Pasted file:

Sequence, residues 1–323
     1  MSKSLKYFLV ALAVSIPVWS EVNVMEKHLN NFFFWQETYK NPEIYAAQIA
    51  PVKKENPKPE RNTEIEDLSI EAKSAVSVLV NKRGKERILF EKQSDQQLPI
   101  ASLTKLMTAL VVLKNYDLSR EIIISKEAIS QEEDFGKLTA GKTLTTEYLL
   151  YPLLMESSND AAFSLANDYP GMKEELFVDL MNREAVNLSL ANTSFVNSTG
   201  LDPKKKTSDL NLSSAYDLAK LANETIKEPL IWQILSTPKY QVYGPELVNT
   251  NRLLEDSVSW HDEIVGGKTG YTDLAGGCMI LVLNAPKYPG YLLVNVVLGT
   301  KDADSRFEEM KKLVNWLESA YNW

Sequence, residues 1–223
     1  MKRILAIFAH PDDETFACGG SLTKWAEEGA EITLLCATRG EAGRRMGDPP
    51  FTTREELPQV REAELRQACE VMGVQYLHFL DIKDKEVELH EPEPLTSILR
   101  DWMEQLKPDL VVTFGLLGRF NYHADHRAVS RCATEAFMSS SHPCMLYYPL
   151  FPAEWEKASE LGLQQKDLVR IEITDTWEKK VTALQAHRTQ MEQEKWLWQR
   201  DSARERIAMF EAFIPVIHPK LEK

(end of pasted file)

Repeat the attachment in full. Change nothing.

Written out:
Sequence, residues 1–323
     1  MSKSLKYFLV ALAVSIPVWS EVNVMEKHLN NFFFWQETYK NPEIYAAQIA
    51  PVKKENPKPE RNTEIEDLSI EAKSAVSVLV NKRGKERILF EKQSDQQLPI
   101  ASLTKLMTAL VVLKNYDLSR EIIISKEAIS QEEDFGKLTA GKTLTTEYLL
   151  YPLLMESSND AAFSLANDYP GMKEELFVDL MNREAVNLSL ANTSFVNSTG
   201  LDPKKKTSDL NLSSAYDLAK LANETIKEPL IWQILSTPKY QVYGPELVNT
   251  NRLLEDSVSW HDEIVGGKTG YTDLAGGCMI LVLNAPKYPG YLLVNVVLGT
   301  KDADSRFEEM KKLVNWLESA YNW

Sequence, residues 1–223
     1  MKRILAIFAH PDDETFACGG SLTKWAEEGA EITLLCATRG EAGRRMGDPP
    51  FTTREELPQV REAELRQACE VMGVQYLHFL DIKDKEVELH EPEPLTSILR
   101  DWMEQLKPDL VVTFGLLGRF NYHADHRAVS RCATEAFMSS SHPCMLYYPL
   151  FPAEWEKASE LGLQQKDLVR IEITDTWEKK VTALQAHRTQ MEQEKWLWQR
   201  DSARERIAMF EAFIPVIHPK LEK